Boos? There weren't any.
Protests? No banners decrying Michael Vick's dogfighting pursuits that sent him to prison for 18 months.
There was no doubt how Philly fans felt about having Vick on their team. As he trotted onto the field for his first play in an Eagles uniform in Thursday night's exhibition game against Jacksonville, they rose from their seats and cheered.
Vick didn't seem to notice; he was all business as he entered the huddle on just the second play from scrimmage. Coach Andy Reid had promised to use Vick early, and he was good to his word.
Reid also made Vick's initial NFL play since December 31, 2006, an easy one: a shovel pass to rookie LeSean McCoy that went for 4 yards.
Vick came on for five more plays in the opening half, and each time there was an audible buzz in the Linc. Again, Vick didn't appear to notice _ he spent his time shuttling from Reid's shadow on the sideline to the huddle, and then taking snaps in the shotgun.
On his third play, in the midst of the Eagles' 68-yard drive to a 31-yard field goal, Vick actually replaced Donovan McNabb at quarterback. On the previous two, McNabb split out wide, but Vick never looked his way.
Without McNabb on the field _ calm down, Vick is not usurping the incumbent's job _ the newcomer made his best play, a 13-yard completion to Hank Baskett. He didn't celebrate with any fist pumps or chest bumps; Vick headed right back to Reid's side.
He did have a lively conversation with receiver DeSean Jackson on the sideline while the Jaguars were conducting a long touchdown drive. And during Philadelphia's 57-yard drive to the Jags 1, Vick took on a cheerleader's role, clapping his hands with his helmet askew on top of his head.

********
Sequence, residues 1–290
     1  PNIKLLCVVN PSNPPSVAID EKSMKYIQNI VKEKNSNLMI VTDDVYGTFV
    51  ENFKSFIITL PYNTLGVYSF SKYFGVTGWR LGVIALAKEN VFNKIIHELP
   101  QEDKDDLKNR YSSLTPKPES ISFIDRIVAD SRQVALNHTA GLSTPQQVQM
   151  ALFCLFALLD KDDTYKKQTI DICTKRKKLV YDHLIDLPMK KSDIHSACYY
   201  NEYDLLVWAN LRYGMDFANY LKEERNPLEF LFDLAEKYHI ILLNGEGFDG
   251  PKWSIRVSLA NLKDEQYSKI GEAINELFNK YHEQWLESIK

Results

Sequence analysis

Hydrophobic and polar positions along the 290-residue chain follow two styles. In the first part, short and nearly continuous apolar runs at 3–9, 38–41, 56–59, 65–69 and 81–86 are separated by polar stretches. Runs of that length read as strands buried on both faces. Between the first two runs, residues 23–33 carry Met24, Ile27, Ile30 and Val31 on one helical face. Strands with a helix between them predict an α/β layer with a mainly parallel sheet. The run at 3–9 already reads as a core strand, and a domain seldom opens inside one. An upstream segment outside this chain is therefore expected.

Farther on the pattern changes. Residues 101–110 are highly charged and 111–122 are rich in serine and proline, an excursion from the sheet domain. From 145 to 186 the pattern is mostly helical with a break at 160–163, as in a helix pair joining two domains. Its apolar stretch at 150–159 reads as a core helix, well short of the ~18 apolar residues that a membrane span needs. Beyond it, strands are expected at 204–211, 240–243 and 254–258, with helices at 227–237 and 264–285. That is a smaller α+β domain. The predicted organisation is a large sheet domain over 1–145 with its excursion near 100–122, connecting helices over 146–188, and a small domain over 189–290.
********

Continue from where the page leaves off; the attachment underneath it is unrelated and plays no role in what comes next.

That drive ended ignominiously when McNabb's lateral to McCoy was mishandled and returned 92 yards for a Jaguars touchdown. When the Eagles staged another long drive at the end of the half, a helmetless Vick once more was clapping and cheering _ but not playing.
Indeed, Philly's offense was more efficient without the gimmicks involving Vick.
If Vick noticed the smattering of No. 7 jerseys with his name on them in the stands, he never reacted to those fans _ or any others. During warmups, the only time he became somewhat animated was when former NFL coach Herman Edwards, on hand as a TV commentator, walked over to hug Vick and McNabb. All three were smiling broadly as Edwards joked with them.
As for any organized protests by animal rights groups near the stadium or even inside, nothing materialized. Perhaps next week, when the Eagles travel to the Meadowlands to conclude the preseason against the Jets. Or maybe when Vick is cleared to play during the season by commissioner Roger Goodell, which could happen by mid-October or sooner.